To what extent can international aid be really effective?
One cannot help but be shocked to hear that often, medical and food supplies sent to flood victims have never reached the victims but have in fact fallen into the coffers of the officials who were to distribute the supplies to the victims. This is indeed an eye-opener and we wonder how long such activities have been going on undetected. It brings to realisation the truth that among so called humans are beasts which will take advanÃ¢ÂÂtage of even the most miserable of their fellow humans. From this the lesson that was learnt was that international aid may not reach the perÃ¢ÂÂsons for whom it is intended. In such cases international aid is no aid at all and a waste of time and resources for the nation that attempted to assist. How then can effective help be given?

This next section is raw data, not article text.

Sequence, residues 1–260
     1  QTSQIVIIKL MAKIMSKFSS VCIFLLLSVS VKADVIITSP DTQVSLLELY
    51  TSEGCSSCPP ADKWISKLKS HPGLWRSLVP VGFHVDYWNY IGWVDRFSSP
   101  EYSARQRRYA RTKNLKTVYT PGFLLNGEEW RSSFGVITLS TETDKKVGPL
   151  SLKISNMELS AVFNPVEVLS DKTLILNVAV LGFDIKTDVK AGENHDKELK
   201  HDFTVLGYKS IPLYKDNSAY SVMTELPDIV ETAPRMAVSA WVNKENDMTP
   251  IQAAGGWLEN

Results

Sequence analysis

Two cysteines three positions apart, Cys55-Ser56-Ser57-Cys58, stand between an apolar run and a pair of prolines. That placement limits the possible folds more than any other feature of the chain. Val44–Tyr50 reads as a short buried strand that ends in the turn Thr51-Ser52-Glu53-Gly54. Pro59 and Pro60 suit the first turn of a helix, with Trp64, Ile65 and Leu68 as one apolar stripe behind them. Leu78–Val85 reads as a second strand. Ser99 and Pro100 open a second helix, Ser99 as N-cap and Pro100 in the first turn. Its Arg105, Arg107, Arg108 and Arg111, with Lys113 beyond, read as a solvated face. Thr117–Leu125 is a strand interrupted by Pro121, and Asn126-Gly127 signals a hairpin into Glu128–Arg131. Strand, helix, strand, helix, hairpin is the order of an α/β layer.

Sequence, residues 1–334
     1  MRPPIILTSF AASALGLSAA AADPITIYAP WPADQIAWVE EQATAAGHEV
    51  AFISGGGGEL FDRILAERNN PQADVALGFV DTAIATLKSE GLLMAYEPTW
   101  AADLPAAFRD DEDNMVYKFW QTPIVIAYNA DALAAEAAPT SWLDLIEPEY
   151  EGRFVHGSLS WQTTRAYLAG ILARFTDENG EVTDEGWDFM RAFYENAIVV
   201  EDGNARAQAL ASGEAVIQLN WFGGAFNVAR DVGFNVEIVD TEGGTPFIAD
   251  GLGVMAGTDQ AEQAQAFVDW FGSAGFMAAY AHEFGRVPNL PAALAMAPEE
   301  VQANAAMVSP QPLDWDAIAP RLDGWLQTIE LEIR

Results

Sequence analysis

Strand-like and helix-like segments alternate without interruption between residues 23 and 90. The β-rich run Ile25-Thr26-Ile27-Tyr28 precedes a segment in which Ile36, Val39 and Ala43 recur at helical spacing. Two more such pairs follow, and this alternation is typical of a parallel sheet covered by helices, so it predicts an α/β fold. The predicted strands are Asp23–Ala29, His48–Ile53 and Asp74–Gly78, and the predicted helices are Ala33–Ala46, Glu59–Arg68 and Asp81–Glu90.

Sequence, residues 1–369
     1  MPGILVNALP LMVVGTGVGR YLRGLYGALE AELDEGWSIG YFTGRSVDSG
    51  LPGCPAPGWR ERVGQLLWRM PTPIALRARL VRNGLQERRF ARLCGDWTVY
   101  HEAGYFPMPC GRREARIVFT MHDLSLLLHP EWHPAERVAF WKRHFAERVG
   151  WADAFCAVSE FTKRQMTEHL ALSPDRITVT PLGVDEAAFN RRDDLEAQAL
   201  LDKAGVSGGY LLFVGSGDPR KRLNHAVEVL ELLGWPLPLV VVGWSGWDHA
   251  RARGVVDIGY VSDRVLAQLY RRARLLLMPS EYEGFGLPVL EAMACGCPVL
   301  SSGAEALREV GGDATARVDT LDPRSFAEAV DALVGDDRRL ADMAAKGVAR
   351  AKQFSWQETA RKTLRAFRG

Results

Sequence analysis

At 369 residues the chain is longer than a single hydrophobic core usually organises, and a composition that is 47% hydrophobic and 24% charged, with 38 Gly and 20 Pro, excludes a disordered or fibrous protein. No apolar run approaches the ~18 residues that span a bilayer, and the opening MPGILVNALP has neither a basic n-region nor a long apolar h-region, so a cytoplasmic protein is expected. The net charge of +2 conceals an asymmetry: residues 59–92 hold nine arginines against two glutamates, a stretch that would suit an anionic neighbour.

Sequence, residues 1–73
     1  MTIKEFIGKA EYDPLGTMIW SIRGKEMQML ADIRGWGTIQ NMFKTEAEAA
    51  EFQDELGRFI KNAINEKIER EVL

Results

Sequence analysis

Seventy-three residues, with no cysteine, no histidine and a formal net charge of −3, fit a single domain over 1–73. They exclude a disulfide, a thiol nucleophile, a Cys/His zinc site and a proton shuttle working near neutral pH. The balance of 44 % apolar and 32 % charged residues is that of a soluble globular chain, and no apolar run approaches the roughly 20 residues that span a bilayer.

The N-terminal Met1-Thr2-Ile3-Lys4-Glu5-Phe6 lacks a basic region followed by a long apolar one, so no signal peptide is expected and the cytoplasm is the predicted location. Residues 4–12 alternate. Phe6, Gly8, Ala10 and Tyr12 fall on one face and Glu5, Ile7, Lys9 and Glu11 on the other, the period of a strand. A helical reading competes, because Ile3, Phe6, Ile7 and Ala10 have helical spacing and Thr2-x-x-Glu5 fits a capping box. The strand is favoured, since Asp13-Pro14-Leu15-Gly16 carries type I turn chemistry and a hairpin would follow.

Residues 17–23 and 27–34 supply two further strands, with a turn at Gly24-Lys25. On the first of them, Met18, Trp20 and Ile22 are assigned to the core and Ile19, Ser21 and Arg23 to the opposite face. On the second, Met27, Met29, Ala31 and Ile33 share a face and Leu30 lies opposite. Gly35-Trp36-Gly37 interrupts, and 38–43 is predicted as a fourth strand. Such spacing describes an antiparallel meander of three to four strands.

It stands to reason that when international aid is given, steps must be taken to ensue that the aid reaches the people for whom it is intended.
The way to achieve this may not be simple. Often it is the persons in authority who are corrupt. It is very difficult for a nation to give help directly to people in another nation. The United Nations Organisation, or a similar international body, could undertake to supervise the distribution of aid. Here however rises the problem of costs. Also tied with this is time. When too much time is taken for the aid to reach the intended recipients, there may well be further disaster. Perhaps the UNO could set up a body of dedicated men and women, on its own payroll, in every country who can speedily distribute aid to victims of floods and earthquakes. In such cases too, the workers need to be...